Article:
While we are many years away from an autonomous utopia, where cars pick us up and drive us where we need to go without a human at the wheel, we are seeing the first steps toward self-driving cars. Volvo, Honda, Audi, Tesla—pretty much every auto manufacturer, plus Google and probably Apple—is incorporating advanced driver assistance systems (ADAS) into cars we can buy right now.
As humans transfer driving tasks to computers, it raises questions for the insurance industry. There will still be crashes on the way to that autonomous utopia, and insurance companies want to know who’s going to pay. Volvo, for one, has stepped up to say that when one of its vehicles is in autonomous mode, Volvo is responsible for what happens. But that’s a rarity so far.
Does the liability lie with the human for not overriding the system? The manufacturer for not testing thoroughly enough? The Tier 1 supplier of sensors? The company that supplied the Tier 1 supplier with a part for the sensor? And at what point should insurers panic?
Andrew Rose of Compare.com, an insurance comparison site, tells insurers, “You need to be completely freaked out by the idea of autonomous cars—and completely relaxed.” He said in a phone interview that in 30 years, it’s likely most of the auto insurance business will be gone. Autonomous vehicles will wreck less over time, which means lower premiums will be required to cover losses, and therefore less auto insurance will be required. “Insurers can relax,” Rose said, “because it’s going to take time to get there.”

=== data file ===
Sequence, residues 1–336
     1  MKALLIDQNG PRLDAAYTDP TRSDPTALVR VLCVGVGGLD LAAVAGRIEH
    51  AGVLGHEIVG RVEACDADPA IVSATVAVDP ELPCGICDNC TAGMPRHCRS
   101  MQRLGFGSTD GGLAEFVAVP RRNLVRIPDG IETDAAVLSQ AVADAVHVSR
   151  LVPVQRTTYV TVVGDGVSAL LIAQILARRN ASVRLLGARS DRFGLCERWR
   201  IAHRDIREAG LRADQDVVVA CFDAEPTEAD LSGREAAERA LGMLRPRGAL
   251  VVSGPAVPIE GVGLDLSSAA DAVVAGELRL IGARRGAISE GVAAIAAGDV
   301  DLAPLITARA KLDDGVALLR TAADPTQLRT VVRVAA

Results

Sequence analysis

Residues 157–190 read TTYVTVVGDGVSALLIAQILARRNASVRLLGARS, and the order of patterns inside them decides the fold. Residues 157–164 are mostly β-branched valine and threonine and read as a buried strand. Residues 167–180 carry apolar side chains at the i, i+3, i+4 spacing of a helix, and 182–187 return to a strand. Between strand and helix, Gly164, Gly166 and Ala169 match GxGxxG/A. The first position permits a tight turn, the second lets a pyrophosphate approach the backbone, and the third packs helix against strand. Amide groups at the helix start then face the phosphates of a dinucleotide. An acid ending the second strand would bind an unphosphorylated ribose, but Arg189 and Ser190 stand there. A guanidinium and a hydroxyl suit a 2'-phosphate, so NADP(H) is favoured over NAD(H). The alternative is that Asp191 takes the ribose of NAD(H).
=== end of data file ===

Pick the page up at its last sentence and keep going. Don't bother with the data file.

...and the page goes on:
Compare.com is part of the Admiral Group, one of the largest motor insurance companies globally. In preparation for our interview, Rose, who happened to be at Admiral HQ in the UK, asked to pull information on all the accidents that involved autonomous claims. He was told, “We don’t have any yet,” though there are millions of vehicles in the United Kingdom covered by Admiral Group. “People aren’t making those claims yet,” Rose told me, “But it’s out there on the horizon.”
One reason claims aren’t being made yet is that manufacturers are being incredibly cautious about releasing this technology to the marketplace because of the huge implications of getting it wrong. Volvo has been working on its autonomous system for a decade or more, giving it the confidence to accept liability. “Getting little things wrong is no big deal,” Rose said, “but if adaptive cruise control fails, that could be catastrophic.”
While we wait for an all-autonomous future, insurance companies are likely going to want to find the car manufacturer at fault because they want to find somebody else to pay for the accident. “Volvo says that while in autonomous mode, we are responsible,” Rose noted. “But they’re not going to let you break the law. The system won’t let you do 66 mph in a 65-mph zone.”
That becomes tricky on this path to autonomy, because in the intervening years, autonomous cars are more likely to get in accidents—through no fault of their own. “They get hit more,” Rose said, “because they do exactly what the law prescribes.” This is exactly the situation that the Google car found itself in when it collided with that bus. “This is the ball of yarn that we’re pulling one thread on right now,” Rose said. “It’ll be much easier when more autonomous cars are interacting with each other.”